A tenant of the former Hughes Oil property made offers to buy the property before being informed of their impending eviction to make room for a large residential housing project.
One of the current occupants of the industrial property at 3593 Washington St. offered to buy the property from owner the Arborway Corporation for a similar price that owners agreed to from developers Braintree-based John M. Corcoran and Company and Boston-based The Brennan Group, according to one of the tenants.
The lot currently includes several industrial buildings, some of which are occupied by the Neighborhood Assistance Corporation of America (NACA), a national nonprofit community advocacy and homeownership organization that has been profiled by the New York Times and the Wall Street Journal, and Forest Hills Electrical Supply, Inc., a construction supply company. They both received letters informing them that their lease would end this September.
“[The developers agreed to buy] it for less than $3.5 million,” NACA CEO Bruce Marks told the Gazette. “We’d been talking [with the owners] for a couple of years [about buying the property for] about the same range, but they wanted more than that.”
“When we found out [the sale agreement] was in the same range we were considering, we were not happy,” he added. “[The owners] had told us, ‘Don’t even think about making an offer for less than $4 million.’”
“The only outrage I can explain to you is, it came as a big surprise. We were never given the chance to buy the property. It’s not that we had a contract for right of first refusal, [but] it was a matter of being straightforward with us,” Forest Hills Electrical owner Dennis Albert told the Gazette.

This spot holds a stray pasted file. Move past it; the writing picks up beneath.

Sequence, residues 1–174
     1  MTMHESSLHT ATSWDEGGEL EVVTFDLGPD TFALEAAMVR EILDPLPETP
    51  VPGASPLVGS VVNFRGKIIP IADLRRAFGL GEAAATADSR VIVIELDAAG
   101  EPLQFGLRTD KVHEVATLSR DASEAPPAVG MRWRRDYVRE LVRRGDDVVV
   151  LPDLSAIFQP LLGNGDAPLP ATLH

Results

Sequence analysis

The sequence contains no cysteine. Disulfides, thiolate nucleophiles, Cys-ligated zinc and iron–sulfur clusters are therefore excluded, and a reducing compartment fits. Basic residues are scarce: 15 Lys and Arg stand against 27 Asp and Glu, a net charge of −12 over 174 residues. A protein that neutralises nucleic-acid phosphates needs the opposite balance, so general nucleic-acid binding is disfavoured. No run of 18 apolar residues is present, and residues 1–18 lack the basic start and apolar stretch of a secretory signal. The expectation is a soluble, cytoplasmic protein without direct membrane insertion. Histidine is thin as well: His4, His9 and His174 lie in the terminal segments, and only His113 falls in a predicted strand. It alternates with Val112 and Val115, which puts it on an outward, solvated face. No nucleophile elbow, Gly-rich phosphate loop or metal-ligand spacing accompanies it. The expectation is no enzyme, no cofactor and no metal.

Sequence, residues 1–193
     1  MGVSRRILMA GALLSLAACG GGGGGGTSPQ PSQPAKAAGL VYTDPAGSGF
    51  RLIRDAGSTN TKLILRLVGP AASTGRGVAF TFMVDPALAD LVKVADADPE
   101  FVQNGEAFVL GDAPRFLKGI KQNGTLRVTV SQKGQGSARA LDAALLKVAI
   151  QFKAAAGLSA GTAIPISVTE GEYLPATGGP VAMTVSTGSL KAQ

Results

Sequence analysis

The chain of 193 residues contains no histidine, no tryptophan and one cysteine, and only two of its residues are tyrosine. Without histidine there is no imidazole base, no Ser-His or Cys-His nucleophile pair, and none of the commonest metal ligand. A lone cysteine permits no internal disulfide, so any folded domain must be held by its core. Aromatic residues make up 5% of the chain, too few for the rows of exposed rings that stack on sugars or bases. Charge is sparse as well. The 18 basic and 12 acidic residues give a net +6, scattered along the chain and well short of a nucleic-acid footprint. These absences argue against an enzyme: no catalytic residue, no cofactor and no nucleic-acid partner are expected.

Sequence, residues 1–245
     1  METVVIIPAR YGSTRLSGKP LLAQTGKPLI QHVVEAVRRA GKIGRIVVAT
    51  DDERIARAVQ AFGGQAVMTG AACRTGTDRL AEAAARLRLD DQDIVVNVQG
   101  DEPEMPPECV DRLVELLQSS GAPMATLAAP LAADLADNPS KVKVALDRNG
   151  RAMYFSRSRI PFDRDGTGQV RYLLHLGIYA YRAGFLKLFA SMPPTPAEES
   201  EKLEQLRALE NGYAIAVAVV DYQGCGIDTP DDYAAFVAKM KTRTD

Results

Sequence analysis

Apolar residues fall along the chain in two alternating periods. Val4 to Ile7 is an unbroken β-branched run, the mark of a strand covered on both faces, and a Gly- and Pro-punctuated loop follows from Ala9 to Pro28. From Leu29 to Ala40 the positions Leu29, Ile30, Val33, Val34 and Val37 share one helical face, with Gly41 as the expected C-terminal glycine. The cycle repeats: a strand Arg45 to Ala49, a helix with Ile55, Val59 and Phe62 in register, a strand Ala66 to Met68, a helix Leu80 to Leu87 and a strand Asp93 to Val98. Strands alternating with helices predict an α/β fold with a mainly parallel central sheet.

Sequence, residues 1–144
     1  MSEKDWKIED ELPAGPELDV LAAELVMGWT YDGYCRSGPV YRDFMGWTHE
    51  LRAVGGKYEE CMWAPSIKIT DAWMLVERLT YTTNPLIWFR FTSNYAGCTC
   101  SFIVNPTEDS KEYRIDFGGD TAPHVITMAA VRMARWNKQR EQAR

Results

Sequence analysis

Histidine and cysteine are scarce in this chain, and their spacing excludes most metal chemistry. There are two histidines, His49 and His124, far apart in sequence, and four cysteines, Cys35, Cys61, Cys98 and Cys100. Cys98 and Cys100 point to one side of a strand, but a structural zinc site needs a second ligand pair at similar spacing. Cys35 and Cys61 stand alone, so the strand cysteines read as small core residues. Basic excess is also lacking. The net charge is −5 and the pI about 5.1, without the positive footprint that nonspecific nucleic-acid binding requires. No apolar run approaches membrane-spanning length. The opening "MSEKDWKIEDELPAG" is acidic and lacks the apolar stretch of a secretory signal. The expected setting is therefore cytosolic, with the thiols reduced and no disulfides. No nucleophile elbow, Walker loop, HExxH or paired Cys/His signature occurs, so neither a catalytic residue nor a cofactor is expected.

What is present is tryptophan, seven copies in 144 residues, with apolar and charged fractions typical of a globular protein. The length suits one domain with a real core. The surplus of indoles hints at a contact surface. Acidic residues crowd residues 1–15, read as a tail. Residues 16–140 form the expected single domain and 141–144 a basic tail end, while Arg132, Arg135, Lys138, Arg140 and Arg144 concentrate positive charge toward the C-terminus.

A Gazette phone call to the Arborway Corporation was not returned by press time.
The proposed housing project would erect 285 studio, one-, two- and three-bedroom apartments and townhouses, retail space and open space on the property.
“We’re still mulling [the project proposal] over. A lot of people still haven’t seen the plan. We haven’t had had enough time to discuss it,” Stonybrook Neighborhood Association (SNA) steering committee member Carl Lowenberg told the Gazette this week.
Albert said he would like to remain at his current 17-year address, but he also said, “I don’t think you can fight the inevitable. I don’t want to go, but I don’t know what else to do. I think we have to move on.”
Marks, experienced with demonstrations against predatory mortgage lenders, said that NACA plans to fight the eviction.
“We have a very large membership [of NACA-assisted homeowners]. We have people who are very passionate and supportive of NACA. We will take demonstrations, confrontations to [the owners],” he said.
Albert’s son, Matt Albert, said that while he’s not hopeful for a positive result for Forest Hills Electrical and NACA, he knows “NACA will have a fight.”
“I’ll have their back no matter what,” Matt Albert said.
The property is currently zoned as a local industrial subdistrict, meaning that the project will need rezoning to demolish the current buildings and build the proposed mixed-use buildings.
The developers made no mention of the need to evict longtime tenants in order to demolish the existing buildings at a SNA meeting last month. NACA has been on the property for over 10 years and employs over 40 people. Forest Hills Electrical Supply has been on the site since 1995.
“We did tell people at the meeting that the site was partially occupied and that is widely known in the community,” project spokesperson Connie Kastelnik told the Gazette this week.
Lowenberg confirmed that the developers did not mention the current tenants at the SNA meeting.
At that meeting, a SNA member suggested creating a corridor plan similar to the Boston Redevelopment Authority’s recently-adopted plan for the S. Huntington Avenue corridor. A plan to revitalize the area, which included a “21st century vision” for transportation and business, was started last year by residents but has not progressed beyond the brainstorming stage.
The lot is located across the street from the former Flanagan & Seaton Motor Car Company location, which is also under consideration for mixed-use development, and the MBTA Arborway bus yard.
The lot extends almost to the edge of the Southwest Corridor Park and abuts a small MBTA building there. It extends almost as far north as Burnett Street, abutting houses on that street.